Northern corn leaf blight (NCLB), caused by the fungus Exserohilum turcicum, is currently the most common and economically important fungal leaf disease of corn in Ontario, Canada. During the past 10 years in Ontario, severity and incidence of NCLB have increased, possibly because of the appearance of new races.1

Disease Cycle

The NCLB fungal pathogen overwinters as conidia (external spores) and mycelia (vegetative part of a fungus) in and on previously infected corn residue. During the warm, moist weather of early summer, new conidia are produced on the old corn crop residue. Wind and rain then spread the conidia to the lower leaves of young corn plants. Conidia are produced abundantly in lesions on susceptible plants and are responsible for secondary spread within and between fields. Disease development is favored by heavy dew, frequent rainfall, high humidity, and moderate temperatures. The infection process occurs when water is present (free water) on the leaf surface for 6 to 18 hours and temperatures are between 18 and 27°C (Figure 1).2

Northern corn leaf blight disease cycle
Figure 1. Northern corn leaf blight disease cycle.3 Graphic reproduced with permission of Crop Protection Network.

Symptoms and Severity

Northern corn leaf blight lesions are typically gray-green to tan colored, elliptical or cigar-shaped, and two to 15 centimetres in length (Figure 2).2 As lesions mature, they turn tan and develop distinct dark areas of fungal sporulation giving the lesions a dirty appearance. Lesions first appear on lower leaves and the disease spreads into the upper canopy as the season progresses. On severely infected plants, almost all leaves could be infected, and leaves can become entirely blighted (NCLB disease severity rating 9). Late in the season, plants may look like they have been killed by an early frost. For corn products with race-specific resistance, lesions are often small and yellow and produce no spores.4

Elliptical or cigar-shaped lesions typical of northern corn leaf blight.
Figure 2. Elliptical or cigar-shaped lesions typical of northern corn leaf blight.

Yield losses of more than 30% have been reported when NCLB lesions are present on upper leaves prior to or at tasseling (NCLB disease severity rating 7) (Table 1).4 Under conditions favorable for NCLB, yield losses from infections beginning before and at tasseling can be as high as 50%. Yield losses are minimal when leaf damage is moderate or delayed until six weeks post-silking.5

Table 1. Example of 1 to 9 rating scale showing the severity of foliar fungal diseases, like northern corn leaf blight.
Severity Rating Description
1 Slight Infection
Few lesions on lower leaves
3 Light Infection
lesions on lower leaves
5 Moderate Infection
Lesions on lower and middle leaves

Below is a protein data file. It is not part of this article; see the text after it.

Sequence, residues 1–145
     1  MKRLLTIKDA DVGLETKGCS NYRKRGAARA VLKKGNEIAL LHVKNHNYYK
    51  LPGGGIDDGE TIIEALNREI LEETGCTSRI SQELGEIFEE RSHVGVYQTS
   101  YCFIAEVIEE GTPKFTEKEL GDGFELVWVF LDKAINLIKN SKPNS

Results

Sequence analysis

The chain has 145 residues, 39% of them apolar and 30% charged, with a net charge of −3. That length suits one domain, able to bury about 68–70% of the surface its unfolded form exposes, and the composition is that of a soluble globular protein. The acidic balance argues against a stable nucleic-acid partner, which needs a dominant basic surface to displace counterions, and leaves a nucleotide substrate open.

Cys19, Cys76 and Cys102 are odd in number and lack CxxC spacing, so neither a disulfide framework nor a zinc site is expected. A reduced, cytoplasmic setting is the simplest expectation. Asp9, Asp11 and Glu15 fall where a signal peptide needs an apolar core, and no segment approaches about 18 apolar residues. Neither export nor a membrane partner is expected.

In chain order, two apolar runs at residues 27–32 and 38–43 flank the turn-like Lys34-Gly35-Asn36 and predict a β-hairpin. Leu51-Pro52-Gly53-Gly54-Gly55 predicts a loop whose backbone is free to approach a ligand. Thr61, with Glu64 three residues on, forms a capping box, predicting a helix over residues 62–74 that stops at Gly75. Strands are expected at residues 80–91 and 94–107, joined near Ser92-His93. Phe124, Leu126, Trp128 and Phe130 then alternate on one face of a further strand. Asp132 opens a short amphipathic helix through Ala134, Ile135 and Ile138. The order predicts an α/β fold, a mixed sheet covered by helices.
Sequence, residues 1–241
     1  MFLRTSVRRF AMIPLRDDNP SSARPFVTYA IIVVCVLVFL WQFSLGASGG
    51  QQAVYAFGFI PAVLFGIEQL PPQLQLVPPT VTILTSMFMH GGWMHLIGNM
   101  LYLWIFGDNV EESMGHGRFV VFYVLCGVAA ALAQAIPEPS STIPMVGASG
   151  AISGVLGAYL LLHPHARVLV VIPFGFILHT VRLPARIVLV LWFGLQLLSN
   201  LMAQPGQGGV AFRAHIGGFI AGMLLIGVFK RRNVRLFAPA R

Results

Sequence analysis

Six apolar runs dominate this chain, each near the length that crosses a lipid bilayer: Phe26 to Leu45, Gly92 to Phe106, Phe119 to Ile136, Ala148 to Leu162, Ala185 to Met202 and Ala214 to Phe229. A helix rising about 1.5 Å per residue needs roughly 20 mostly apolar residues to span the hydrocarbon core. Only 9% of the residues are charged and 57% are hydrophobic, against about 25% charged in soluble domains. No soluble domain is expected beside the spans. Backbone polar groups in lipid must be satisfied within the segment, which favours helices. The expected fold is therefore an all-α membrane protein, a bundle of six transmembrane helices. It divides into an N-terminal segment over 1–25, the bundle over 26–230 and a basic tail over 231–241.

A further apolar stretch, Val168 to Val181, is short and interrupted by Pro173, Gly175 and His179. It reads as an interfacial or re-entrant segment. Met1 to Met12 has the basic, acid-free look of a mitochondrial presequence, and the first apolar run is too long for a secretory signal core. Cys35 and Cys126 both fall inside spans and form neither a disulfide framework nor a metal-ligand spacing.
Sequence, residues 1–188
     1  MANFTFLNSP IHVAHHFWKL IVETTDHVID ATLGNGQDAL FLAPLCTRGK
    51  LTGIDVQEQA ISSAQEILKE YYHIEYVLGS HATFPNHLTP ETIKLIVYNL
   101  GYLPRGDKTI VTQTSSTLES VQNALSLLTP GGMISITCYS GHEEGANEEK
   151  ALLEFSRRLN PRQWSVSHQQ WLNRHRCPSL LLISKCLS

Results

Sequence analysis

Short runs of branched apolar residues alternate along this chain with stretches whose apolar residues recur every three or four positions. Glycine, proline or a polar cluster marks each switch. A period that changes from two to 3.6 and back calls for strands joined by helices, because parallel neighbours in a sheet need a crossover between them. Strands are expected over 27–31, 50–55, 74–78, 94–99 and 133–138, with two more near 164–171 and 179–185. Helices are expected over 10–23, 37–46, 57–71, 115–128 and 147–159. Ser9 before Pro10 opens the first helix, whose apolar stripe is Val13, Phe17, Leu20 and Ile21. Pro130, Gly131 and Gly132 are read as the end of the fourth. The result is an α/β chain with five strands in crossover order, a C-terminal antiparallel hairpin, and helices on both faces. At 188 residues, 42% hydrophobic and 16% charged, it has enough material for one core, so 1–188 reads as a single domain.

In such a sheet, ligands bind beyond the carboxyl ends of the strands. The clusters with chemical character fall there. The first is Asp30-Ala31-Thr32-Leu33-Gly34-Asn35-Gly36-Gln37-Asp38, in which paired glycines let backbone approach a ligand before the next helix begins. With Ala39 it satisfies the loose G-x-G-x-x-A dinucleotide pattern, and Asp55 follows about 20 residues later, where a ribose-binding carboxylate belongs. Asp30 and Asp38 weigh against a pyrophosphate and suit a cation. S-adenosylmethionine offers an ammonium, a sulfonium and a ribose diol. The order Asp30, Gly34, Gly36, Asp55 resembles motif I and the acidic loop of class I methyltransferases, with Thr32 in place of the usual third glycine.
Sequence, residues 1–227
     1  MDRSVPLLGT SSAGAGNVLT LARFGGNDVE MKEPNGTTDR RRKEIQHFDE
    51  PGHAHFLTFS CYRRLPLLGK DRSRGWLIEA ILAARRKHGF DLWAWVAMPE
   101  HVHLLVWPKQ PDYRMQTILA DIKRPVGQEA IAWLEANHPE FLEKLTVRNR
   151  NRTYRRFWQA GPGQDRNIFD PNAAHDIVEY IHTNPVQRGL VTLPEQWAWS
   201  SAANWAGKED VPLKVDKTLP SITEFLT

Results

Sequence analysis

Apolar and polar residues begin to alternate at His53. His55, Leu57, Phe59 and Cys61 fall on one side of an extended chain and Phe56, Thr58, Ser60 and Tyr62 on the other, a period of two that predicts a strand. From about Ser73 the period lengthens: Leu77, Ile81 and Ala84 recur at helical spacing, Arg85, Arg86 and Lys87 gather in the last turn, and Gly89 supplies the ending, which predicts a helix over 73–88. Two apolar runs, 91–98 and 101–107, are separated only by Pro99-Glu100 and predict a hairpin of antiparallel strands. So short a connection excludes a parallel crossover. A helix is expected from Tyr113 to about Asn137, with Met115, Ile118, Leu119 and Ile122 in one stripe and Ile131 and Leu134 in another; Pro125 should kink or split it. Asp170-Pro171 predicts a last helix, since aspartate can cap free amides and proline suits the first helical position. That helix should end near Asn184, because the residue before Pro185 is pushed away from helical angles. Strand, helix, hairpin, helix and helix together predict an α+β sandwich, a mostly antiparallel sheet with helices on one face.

7 Heavy Infection
Lesions on lower leaves, extending to upper leaves
9 Very Heavy Infection
Lesions on all leaves. Plants may be prematurely killed


The primary management strategy to help reduce the incidence and severity of NCLB is planting resistant products. Two types of resistance to NCLB exist in corn. Polygenic (multiple gene) resistance is expressed in plants as a reduction in lesion size, lesion number and sporulation, and a longer latent period before conidia are produced. Monogenic (single gene) resistance is controlled by a single dominant gene and can be expressed as chlorotic lesions with decreased sporulation.5 Monogenic and polygenic resistance can work together to reduce the severity of NCLB.

Protecting leaves from the ear leaf and above as corn plants enter reproductive growth stages is especially important. Fields should be scouted prior to tassel emergence, around the V14 growth stage, to determine disease pressure. Economic returns are more likely to be realized when fungicides are applied from tasseling to early silking. A general recommendation for corn foliar diseases caused by fungal pathogens is to consider a fungicide application if a fungal disease is present on the third leaf below the ear leaf or higher on 50% of the plants at tasseling and the corn product is susceptible to the disease.6

Consider costs and predicted weather conditions before deciding to apply fungicides. Delaro® Complete fungicide is a recommended broad-spectrum systemic fungicide in Eastern Canada for the control of NCLB. Apply Delaro Complete fungicide when disease first appears. A second application can be made 7-14 days later if favourable conditions for disease development persist. This pest control product is to be used only in accordance with direction on the label. It is an offence under the Pest Control Product Act to use the product in a way that is inconstant with the directions on the label. For additional information about this product contact your retailer.

A combination of rotating away from corn for one year followed by tillage is recommended to help reduce the potential of NCLB development in the following corn crop. Rotating to a non-host crop can reduce disease levels by allowing the corn debris on which the fungus survives to decompose before corn is planted again. Burying residue may help reduce infection levels by decreasing the amount of primary inoculum available in the spring. In no-till and reduced-tillage fields with a history of NCLB, a two-year rotation away from corn may be necessary.